To update you all on my last post, an approximate aeon ago, I didn’t make it any further in the Mslexia novel competition, but I wanted to wish the best of luck to those ladies who hit the shortlist. Looking forward to hearing who won!

And then I wanted to talk about my friend Nerys Parry’s blog post, “The Writing Doldrums”. Nerys has just released a gorgeously written novel titled Man and Other Natural Disasters, which I loved for its cool twist and insight into a piece of Canadian history that I previously knew nothing about (and don’t want to tell you about because I don’t want to spoil it, but trust me, you should read it).

Anyway, Nerys, in her blog post, talks about times when you’re stuck in “the writing doldrums”: “periods when I just can’t seem to catch any inspiration, even a breeze of it, and the writing on my page appears lifeless and flat.” I loved this description, and completely related to it. It’s exactly what I’m going through right now. I have ten thousand ideas but no inspiration and no follow-through. I’m in a kind of exhausted, stuck, “what’s the point?” phase of my feelings about writing, which I think is bloody sad. I’m miserable because I’m not writing but I can’t/won’t/don’t want to write. (Yes, all of those contradictory and self-sabotaging things.)

But this paragraph in Nerys’ blog (amongst other advice on getting through the doldrums) in particular resonated with me:

4. Pretend it’s the first time: A shaman I met used to talk about ‘practicing beginner’s mind’, to always approach your life and your passions as if it were the first time. This is a handy trick when facing the doldrums, to write as if it were the first time you ever attempted a story, with no expectations and with all the excitement of something new.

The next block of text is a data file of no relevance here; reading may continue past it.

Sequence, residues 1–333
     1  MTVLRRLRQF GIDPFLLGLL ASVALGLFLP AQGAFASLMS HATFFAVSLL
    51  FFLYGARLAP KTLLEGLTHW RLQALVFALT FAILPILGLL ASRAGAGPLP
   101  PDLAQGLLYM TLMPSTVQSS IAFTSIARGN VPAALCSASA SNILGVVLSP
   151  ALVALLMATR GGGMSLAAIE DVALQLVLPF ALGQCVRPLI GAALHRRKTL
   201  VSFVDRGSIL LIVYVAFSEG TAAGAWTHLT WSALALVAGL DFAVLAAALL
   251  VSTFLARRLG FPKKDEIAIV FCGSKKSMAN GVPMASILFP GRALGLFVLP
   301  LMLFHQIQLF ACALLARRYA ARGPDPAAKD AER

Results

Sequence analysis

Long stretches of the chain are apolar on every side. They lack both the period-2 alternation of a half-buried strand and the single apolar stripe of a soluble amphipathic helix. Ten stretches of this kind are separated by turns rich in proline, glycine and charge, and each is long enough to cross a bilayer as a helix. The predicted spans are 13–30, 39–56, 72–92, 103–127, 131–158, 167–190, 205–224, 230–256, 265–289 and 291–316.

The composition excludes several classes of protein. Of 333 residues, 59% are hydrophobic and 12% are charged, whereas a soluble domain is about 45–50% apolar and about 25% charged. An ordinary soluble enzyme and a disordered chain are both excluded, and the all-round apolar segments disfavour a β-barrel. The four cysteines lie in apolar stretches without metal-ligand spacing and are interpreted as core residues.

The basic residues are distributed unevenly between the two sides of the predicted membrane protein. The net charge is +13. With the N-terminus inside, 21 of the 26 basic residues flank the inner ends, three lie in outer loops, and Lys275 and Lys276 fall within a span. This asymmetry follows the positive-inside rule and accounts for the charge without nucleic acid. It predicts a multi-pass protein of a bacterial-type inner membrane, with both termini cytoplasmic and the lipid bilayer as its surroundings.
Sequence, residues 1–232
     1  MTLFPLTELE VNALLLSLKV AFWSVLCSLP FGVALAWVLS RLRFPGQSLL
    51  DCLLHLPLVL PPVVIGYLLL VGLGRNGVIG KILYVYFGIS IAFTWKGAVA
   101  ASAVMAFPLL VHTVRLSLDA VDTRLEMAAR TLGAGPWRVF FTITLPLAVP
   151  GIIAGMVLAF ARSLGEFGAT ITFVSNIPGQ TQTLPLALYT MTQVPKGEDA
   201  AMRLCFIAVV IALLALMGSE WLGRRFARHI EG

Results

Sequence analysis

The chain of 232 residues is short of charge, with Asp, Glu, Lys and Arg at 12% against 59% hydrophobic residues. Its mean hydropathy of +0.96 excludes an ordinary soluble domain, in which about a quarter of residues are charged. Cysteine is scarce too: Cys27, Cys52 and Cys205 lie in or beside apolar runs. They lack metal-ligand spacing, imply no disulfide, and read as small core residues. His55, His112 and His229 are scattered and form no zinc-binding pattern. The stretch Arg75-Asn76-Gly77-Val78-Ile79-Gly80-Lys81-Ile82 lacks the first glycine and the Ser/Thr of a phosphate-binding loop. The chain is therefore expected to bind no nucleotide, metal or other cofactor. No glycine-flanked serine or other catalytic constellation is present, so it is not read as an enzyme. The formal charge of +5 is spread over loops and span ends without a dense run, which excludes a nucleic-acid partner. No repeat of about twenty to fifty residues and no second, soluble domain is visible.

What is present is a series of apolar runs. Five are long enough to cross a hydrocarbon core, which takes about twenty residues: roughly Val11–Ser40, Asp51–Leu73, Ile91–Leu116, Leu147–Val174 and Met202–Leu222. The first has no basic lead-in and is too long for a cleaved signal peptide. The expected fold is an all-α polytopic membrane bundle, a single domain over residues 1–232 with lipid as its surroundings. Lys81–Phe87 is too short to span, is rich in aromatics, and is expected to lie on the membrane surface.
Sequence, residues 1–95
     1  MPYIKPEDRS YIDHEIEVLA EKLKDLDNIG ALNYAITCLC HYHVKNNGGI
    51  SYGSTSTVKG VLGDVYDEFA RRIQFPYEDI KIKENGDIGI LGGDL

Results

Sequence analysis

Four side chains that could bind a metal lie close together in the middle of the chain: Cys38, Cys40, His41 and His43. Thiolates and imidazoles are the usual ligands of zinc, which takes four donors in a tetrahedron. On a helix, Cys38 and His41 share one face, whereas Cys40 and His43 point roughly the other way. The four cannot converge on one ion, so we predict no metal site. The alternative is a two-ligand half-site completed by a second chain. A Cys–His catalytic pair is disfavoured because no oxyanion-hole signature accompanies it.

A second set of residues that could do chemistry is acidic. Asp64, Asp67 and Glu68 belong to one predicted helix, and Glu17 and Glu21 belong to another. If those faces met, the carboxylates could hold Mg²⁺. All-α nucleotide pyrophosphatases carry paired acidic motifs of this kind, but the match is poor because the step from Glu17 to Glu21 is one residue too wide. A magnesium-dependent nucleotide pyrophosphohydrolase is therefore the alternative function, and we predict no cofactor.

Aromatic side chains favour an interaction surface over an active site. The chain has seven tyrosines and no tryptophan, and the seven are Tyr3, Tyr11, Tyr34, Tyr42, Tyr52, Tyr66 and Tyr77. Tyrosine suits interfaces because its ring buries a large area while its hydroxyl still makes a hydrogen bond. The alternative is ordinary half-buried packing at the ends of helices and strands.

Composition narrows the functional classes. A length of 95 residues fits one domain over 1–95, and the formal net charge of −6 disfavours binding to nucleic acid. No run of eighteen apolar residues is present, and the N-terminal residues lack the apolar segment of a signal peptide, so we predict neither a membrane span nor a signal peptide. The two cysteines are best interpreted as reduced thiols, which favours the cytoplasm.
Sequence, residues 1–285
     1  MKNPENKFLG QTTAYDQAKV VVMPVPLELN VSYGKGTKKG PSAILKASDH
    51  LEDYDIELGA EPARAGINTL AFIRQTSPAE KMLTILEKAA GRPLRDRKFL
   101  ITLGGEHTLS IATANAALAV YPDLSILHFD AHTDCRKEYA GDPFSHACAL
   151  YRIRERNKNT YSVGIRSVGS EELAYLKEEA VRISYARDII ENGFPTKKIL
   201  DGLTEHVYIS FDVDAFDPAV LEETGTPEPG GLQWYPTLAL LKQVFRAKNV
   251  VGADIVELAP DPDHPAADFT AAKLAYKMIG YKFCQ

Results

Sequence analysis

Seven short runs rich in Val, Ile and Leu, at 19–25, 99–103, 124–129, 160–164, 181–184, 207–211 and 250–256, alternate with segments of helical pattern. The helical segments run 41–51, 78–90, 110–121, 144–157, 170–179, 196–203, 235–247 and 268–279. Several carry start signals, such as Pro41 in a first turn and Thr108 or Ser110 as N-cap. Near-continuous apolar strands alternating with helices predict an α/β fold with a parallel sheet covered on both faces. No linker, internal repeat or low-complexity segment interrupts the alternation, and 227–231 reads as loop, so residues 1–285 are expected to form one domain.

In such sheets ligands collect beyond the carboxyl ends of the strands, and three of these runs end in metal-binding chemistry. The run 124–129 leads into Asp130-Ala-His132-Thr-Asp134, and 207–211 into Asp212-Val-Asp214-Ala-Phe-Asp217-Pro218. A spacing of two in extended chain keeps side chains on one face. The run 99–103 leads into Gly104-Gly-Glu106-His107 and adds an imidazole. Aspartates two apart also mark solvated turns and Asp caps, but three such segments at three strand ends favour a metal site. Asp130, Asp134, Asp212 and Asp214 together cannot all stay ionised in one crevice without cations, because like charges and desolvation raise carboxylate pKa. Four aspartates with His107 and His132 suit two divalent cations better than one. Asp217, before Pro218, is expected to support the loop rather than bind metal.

This resonated because that’s what I miss: that  feeling I used to have, when I began writing, of being enthralled, in love with what I was writing (LIVING in my head, even more than writing), unable to think about anything else. I haven’t felt that for a long time. I think I stopped feeling it once I got some edumacation under my belt, if that makes sense: not that I know everything there is to know about writing (ha ha ha, far from it!!), but in the days when I had no clue what I was doing (and producing terrible fiction,  great 200,000-word swathes of it within a couple of months), I was blissfully happy. Once I started to realize everything I didn’t know, it stopped me dead. Kind of like learning to drive a car. At the beginning, you’re trying to remember to change gears and use the pedals correctly and not kill any pedestrians, and trying to do everything at once feels overwhelming. Eventually of course, as you drive  more,  it becomes second nature, and you don’t have to think about it much. So I know that the only way to get better is to practice (i.e., write more), but everything I write seems like utter shite, so I don’t want to write. I come in with expectations blazing (“I have an MFA! Of course I can write like Jhumpa Lahiri right from the get-go!” or, to go back to the driving analogy, “I have my driving license! Of course I can drive the British Grand Prix this weekend!”) and promptly fall flat on my face.

So I think that above, Nerys is onto something. You have to take a step or two back. Approach it like it’s the first time. Maybe for me that means forgetting everything I do know, at least for the proverbial shitty first draft, and just trying to channel the blissful ignorance I used to have, then fix the resulting awfulness in revision. It sounds so doable, doesn’t it…!